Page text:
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Some details, however these all shoul be marked IIRC since i've read books about history of Sielsia long ago 1) Piasts did not died out in 1370. Most Piasts lived well into, IIRC XVI century.

2) Piast rulers under Czech gvt in XV century were called ,,Polish princes

3) Whether Silesia was part of Great Moravian state is still controversy among the historians, although most are supporting that view

4) Polish kings (Polish from origin, not title) ruled Silesia also in XV and XVI century (Jagiellons).

5) One could argue that Poland was part of HRE in XIII century after Krzyszkow, ealier - well, there is enough arguments both for showing that Poland was in HRE, or that it wasn't. Hundred pages of paper were filled with discussion of terms like ,,friend of emperor or ,,paid tribute up to warta. However one could also argue that allegiance given by, IIRC Mieszko Stary (?) was just single event.

6) In XIII century one of centres of rebuilding Poland was Silesia (Henryk Brodaty etc)

7) in XIV and XV century some of Piasts from Silesia were close Polish allies, were ready to join Poland, as were some cities which begged Poland for protection (telling the truth, mostly because hussite wars not nationality, but hey, i can biased too :))) ).

8) Up to XVIII century most of Silesia population was Slavic (not Polish or Czech, but Slavic), which quickly changed with introduction of modern educational system. I would have to search for more data on this, but i think i have some book about that in my home.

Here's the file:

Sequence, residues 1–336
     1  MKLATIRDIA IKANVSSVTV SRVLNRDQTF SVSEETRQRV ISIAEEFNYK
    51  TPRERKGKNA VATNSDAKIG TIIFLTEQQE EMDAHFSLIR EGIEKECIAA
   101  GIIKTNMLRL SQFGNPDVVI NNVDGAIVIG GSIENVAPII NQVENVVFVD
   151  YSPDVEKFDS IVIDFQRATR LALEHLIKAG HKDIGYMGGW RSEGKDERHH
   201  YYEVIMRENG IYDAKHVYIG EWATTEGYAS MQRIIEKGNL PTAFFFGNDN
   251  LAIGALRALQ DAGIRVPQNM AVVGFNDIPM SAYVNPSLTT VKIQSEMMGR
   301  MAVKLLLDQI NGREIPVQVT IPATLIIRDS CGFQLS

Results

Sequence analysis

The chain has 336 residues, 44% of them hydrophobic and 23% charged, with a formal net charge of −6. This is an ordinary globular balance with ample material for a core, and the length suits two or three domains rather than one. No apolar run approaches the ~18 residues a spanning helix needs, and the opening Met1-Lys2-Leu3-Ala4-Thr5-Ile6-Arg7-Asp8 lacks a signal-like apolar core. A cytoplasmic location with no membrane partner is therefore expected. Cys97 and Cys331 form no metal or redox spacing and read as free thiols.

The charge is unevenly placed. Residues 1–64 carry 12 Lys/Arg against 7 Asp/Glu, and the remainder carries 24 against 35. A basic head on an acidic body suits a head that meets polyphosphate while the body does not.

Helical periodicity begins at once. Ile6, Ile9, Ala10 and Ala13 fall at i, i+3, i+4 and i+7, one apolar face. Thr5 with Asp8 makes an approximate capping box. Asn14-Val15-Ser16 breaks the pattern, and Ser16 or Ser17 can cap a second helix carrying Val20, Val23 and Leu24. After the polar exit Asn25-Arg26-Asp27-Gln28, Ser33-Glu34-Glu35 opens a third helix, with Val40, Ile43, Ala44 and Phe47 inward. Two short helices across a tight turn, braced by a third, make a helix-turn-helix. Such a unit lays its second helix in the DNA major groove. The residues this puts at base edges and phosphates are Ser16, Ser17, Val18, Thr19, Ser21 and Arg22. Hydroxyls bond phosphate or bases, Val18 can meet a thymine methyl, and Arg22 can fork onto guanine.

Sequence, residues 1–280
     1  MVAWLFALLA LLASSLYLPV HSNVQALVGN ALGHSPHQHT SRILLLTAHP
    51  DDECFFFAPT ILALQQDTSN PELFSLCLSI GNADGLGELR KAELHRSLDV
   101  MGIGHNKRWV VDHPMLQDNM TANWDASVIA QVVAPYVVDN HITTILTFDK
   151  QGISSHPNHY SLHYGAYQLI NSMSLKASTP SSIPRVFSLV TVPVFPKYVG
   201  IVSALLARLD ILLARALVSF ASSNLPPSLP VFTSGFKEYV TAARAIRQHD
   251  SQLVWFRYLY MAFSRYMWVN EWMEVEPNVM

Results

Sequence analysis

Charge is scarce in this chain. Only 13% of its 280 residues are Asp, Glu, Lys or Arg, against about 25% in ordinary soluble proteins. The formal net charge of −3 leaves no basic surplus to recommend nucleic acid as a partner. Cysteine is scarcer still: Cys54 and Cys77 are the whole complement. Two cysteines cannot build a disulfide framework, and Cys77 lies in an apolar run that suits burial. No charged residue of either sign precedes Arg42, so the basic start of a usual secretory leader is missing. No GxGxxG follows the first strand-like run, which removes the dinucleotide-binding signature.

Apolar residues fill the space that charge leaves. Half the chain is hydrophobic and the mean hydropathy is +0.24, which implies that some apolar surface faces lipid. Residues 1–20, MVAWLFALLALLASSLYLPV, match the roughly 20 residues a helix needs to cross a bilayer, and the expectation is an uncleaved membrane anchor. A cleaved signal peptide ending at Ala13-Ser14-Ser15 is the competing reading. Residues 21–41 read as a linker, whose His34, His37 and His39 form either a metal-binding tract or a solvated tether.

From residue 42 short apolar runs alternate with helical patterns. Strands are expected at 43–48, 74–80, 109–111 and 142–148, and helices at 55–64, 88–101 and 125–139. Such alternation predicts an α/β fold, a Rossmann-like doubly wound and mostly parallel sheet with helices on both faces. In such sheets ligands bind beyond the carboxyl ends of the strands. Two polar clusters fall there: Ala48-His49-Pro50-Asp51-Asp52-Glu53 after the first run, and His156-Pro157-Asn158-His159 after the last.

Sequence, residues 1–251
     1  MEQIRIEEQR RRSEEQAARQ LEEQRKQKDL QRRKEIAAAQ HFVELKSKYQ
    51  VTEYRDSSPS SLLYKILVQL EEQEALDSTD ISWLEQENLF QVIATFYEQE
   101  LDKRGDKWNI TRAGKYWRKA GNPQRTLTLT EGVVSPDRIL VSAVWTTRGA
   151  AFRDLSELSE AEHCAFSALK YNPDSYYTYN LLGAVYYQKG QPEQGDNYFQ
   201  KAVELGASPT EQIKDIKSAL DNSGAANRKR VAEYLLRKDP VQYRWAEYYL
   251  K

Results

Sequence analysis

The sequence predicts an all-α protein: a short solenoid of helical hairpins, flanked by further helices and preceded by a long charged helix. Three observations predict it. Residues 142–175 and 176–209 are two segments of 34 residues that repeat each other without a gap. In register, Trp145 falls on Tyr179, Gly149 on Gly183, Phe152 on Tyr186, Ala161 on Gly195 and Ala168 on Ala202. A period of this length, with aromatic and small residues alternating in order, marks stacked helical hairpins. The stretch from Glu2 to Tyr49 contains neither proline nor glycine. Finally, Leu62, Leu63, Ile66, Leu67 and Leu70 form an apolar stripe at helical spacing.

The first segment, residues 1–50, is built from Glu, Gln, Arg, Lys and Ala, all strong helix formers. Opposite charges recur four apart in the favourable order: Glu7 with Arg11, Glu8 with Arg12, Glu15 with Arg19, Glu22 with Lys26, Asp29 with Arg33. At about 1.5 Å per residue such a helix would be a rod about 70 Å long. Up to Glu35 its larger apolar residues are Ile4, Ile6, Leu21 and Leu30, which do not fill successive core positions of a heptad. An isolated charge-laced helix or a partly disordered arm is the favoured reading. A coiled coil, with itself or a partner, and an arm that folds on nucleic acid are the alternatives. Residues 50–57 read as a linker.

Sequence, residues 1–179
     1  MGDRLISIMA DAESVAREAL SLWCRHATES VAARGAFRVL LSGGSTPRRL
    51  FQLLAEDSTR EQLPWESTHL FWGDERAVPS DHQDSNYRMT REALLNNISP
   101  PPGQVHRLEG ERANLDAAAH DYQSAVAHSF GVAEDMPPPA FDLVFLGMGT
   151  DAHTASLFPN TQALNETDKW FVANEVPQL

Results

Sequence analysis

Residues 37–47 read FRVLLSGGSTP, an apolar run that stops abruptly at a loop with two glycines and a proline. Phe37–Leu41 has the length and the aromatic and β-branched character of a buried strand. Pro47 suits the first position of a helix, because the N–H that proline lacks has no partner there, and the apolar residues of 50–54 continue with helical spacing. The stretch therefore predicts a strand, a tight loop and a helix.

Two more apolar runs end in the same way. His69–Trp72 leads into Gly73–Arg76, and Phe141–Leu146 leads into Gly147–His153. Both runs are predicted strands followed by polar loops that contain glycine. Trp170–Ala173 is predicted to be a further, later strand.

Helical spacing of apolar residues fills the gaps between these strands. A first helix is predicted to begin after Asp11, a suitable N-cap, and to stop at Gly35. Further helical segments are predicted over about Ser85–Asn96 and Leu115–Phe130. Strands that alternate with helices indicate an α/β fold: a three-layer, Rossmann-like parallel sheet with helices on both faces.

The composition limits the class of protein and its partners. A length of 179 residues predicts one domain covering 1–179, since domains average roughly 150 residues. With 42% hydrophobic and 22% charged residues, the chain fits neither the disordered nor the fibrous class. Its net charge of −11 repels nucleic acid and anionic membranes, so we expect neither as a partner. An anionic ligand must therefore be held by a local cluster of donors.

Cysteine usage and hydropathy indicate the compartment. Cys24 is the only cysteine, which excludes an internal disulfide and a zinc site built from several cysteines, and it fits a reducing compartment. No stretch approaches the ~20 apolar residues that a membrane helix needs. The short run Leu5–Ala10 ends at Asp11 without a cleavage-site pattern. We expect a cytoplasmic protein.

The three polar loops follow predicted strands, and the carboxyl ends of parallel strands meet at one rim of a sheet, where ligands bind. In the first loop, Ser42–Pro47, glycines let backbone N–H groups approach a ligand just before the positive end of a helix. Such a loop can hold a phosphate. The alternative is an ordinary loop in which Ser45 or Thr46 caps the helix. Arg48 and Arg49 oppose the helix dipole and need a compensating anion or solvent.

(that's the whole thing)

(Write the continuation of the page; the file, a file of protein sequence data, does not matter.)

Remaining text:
I would like to add that the name of mountain /(soft S)L(nasal E)(hard Z)A/, which is mentioned above, comes probably from the name of dense fog which is characteristic for Silesia, also nowadays. The mountain was a place of solar cult in prehistoric times, special ceremonies took place there during the shortest day in the year. A number of interesting prehistoric sculptures (mainly animals) is preserved and can be seen in its slopes. Now Sleza is very popular destinations for tourists from Wroclaw, especially during weekends. Kazik. For how long before WWII was Silesia in Germany? Was it, earlier, part of the kingdom of Poland and, ever, part of the Holy ROman Empire? --rmhermen

The Prussian conquest of Silesia from Austria was the crux of the War of the Austrian Succession in the 1740s. Prussia eventually turned into Germany, of course. -- Paul Drye

A very good website ; gives a pretty good overview of Silesian history. To that history add :

1. In 895 the Bohemia / Moravia (including Silesia at that time) princes came to Regensburg of Frankish and Holy Roman Empire and pledged allegiance to German emperor Arnulf of Carinthia .